It’s the first day of the recent record-breaking heat wave, and a group of half-naked, sweaty bodies are gathered inside the massive, yet inconspicuous, 12,000-square-foot warehouse at 725 N. Fourth Street for a night of music—part of the Turnpike Collective, a music conglomerate bridging the gap between Philly and New York with its blend of blues, folk, jazz and rock.
Despite having few walls or windows, the vibe inside is cozy. An eclectic mix of artsy folk roam the building comfortably, barely reacting to the thick, hot air being circulated by a few sketchy box fans. Some plop down on the large Oriental rug in front of the makeshift stage, while others squat on mismatched vintage chairs scattered around the room. A few brave souls even dance as an add-insult-to-injury photo of a Brazilian beach projects onto the screen behind the bands.
The concert is a benefit to raise money for local filmmaker and Philadelphia Independent Film Fest co-producer Stephen Tucker’s upcoming trip to Brazil to shoot Chega De Saudade , a documentary exploring Bossa Nova, one of the country’s most important music/cultural movements. Tucker, a 27-year-old Bucks County native, quit his “really cool” job at the The New York Times as the master sound engineer to focus on his film career. “I made the choice three years ago to not get a job with a steady paycheck,” he says. “That was a really hard leap, but now that I’ve done it, I’m really excited.”
Luckily for him, Media Bureau—a hub of innovation and artistry quietly flourishing in this massive Northern Liberties warehouse—is one very big support system.
Though Media Bureau, which produces and markets films and music videos, hosts performances both online and in-studio, and showcases, sells/auctions local and international artwork, has gotten attention over the years for a few of its many arts projects such as the Philadelphia Independent Film Festival, the political site PA2012.com and the epic Fringe Festival performances it hosts every year, much of its work goes under the radar.
“We like to think that the people we’re working with nobody knows,” says Media Bureau co-founder Benjamin Barnett.
The Media Bureau’s four-story building houses five recording studios/retail spaces, an HD screening room, art gallery, Internet cafe, a few offices and a “dungeon.”
Most days, the ground floor is used as a performance/storage space. When it’s rented out, it becomes whatever the artist wants it to be. One time, the space was turned into the set of a Haitian voodoo town for a film.
The second floor is completely wide open. The screening room—a mismatched collection of couches and a projector screen—is in the center. It’s surrounded by a cool, junkyard-esque Internet cafe/bar and two large, nearly empty spaces where performances are held. When the Sankahya Yoga School or Philadelphia Acting Studio has a class in session, the area is simply cordoned off with a large black curtain.
And the dungeon? It looks “pretty fucked up [down there],” Barnett warns. “It’s a pretty crazy spot … tons of IVs and spiderwebs” were created when the group was shooting a hellfire scene. “We built a throne … we managed to get 15 people down there gyrating.”
Launched in 1997 by Barnett, a Philly native, and his American University college buddies, Alan Rosenblatt and Richard Weissman, Media Bureau was originally conceived as a way “to take music, film and politics and create a channel,” says 44-year-old Barnett. “We proposed to produce, write and direct original content for the web.”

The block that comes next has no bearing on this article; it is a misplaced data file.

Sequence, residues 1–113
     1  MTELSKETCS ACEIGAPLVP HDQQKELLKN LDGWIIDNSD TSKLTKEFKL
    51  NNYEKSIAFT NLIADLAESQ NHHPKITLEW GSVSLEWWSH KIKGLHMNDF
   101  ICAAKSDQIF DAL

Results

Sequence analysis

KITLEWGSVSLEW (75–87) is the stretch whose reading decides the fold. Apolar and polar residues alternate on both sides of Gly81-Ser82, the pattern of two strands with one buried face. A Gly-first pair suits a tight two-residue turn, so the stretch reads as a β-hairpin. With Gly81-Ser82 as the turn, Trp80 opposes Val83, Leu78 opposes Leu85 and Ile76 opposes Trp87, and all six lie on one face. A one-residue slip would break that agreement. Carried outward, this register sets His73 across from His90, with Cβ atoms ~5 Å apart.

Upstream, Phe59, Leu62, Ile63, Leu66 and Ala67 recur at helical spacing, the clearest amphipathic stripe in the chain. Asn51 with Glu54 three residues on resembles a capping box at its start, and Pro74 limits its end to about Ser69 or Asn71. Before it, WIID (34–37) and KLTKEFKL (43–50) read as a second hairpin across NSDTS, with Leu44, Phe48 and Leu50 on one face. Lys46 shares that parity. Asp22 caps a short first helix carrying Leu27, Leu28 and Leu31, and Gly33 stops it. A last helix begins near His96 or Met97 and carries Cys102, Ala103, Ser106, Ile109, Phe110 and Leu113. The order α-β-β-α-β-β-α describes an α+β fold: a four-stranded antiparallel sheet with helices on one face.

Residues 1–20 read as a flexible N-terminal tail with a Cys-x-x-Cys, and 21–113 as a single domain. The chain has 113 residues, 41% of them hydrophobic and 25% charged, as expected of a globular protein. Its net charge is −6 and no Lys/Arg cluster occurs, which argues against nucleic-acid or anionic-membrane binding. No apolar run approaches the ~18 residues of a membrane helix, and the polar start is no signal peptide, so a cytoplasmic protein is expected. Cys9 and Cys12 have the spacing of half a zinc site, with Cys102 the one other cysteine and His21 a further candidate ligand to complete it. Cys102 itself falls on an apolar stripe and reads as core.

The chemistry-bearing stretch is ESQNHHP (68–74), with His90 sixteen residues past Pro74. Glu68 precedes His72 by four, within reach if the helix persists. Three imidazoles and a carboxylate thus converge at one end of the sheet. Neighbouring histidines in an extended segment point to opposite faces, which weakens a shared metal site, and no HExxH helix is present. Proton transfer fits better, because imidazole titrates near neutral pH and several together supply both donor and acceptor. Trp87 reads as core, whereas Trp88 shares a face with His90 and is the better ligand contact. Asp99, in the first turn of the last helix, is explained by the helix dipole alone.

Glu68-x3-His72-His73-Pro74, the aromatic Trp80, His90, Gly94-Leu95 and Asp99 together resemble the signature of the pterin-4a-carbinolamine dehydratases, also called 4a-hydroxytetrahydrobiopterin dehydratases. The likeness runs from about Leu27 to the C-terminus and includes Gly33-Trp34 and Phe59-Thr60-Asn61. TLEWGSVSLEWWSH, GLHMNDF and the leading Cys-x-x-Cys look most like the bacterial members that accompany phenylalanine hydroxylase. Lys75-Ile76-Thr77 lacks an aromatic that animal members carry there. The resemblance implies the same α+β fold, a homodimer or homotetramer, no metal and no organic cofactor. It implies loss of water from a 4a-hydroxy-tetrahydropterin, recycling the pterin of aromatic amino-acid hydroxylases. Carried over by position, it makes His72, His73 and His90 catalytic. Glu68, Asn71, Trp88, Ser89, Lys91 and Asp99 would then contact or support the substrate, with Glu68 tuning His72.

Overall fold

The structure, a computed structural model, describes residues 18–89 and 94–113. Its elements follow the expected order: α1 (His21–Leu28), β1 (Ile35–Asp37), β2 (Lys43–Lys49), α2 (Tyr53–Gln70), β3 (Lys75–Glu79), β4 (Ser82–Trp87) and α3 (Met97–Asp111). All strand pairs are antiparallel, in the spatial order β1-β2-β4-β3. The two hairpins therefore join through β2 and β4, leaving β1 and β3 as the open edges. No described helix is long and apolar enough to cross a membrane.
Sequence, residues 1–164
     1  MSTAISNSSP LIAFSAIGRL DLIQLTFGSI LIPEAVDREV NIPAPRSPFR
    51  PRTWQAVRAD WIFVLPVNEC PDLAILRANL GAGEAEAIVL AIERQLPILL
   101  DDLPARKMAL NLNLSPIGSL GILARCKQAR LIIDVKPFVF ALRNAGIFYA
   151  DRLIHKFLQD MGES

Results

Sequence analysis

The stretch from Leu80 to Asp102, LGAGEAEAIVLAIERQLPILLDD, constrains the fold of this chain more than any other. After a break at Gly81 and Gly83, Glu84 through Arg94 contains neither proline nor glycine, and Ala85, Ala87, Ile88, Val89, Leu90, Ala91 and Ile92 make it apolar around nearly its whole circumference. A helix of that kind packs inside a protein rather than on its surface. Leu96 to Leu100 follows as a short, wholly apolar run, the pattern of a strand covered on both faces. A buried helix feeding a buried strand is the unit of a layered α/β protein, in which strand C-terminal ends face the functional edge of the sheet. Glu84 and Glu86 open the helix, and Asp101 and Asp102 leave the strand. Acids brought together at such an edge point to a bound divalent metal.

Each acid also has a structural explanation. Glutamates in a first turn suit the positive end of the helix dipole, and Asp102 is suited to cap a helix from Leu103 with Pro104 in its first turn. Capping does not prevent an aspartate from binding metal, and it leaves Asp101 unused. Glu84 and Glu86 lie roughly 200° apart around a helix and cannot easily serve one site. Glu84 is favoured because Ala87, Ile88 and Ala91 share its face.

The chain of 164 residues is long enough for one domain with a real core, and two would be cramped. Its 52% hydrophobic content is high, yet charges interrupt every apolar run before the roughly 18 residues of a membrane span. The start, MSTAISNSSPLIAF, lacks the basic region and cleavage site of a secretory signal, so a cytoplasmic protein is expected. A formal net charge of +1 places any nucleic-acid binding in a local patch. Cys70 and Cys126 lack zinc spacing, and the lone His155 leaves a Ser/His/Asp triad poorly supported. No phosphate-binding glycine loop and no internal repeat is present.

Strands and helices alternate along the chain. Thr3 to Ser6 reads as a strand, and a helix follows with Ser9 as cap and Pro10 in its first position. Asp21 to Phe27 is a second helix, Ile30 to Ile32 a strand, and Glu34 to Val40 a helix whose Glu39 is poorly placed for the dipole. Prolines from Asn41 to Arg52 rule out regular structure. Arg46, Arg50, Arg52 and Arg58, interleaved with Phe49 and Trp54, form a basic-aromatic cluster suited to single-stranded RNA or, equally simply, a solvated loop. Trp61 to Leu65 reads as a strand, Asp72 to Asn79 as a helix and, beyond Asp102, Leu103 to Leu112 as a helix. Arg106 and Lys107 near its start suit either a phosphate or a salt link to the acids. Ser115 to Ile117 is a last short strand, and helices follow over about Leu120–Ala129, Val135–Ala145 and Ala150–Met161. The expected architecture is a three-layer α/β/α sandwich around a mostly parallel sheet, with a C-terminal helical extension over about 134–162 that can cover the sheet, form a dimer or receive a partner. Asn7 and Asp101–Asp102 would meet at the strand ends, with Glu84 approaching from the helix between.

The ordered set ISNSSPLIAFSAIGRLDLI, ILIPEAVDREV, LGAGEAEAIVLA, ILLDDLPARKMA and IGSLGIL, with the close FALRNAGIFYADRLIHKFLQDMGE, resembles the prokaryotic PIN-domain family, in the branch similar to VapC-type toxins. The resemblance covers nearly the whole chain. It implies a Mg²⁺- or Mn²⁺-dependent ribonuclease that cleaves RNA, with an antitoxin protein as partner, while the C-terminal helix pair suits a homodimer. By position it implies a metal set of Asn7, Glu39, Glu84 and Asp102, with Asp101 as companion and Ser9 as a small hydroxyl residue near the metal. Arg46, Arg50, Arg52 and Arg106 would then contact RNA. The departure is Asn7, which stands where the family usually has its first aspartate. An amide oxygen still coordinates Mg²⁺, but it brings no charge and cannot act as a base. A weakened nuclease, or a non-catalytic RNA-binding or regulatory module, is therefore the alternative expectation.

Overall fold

Within the first year in business, the partnership paid off. The trio teamed up with WKDU to host one of the longest electronic-music marathons, or as Barnett calls it, “four days straight of DJs just kickin’ it in our studio.”
Their weekly jam sessions usually featured a lineup of undiscovered local musicians. “It’s kind of like an exclusive club of musicians that roll in,” adds Keith Cohen, the operations manager. “They just love jamming.” Several that have come through Media Bureau’s garage door over the years have gone on to find international success, like Jill Scott, Arrested Development, the Dead Kennedys and Galactic. “We were always looking for music that was on the edge that was really, really good,” recalls Rosenblatt. “Had we gotten wrapped up in the more mainstream label thing, that would have really undermined our ability to do that.”
The company also streamed the Mayor’s Interactive Forum, the first political webcast in the city’s history.
In 2000, they were hired by Mayor Street’s administration to document his first four years in office by filming videos of meetings and press events and posting them on phila.gov for public view.
That same year, they covered the presidential conventions, reaching more than 200,000 users.
By 2001, the group was producing 12 original webisodes, which included “New Media Hour,” a weekly roundtable in which Barnett discussed new media trends with CEOs and developers, and a fantasy football radio show. Rosenblatt estimates that by then, Media Bureau had accumulated about 1,500 hours’ worth of archived video that had been streamed online—about 70 percent of which was music-related. The other 30 percent was groundbreaking local entertainment and politics.
“We were a part of the original wave in the late ’90s of ‘webcasters’ that saw no difference between network television and the future of broadband,” Barnett says.
They also took to heart the fact that they were in Philly, a great political news town that also happened to be a little behind the times.
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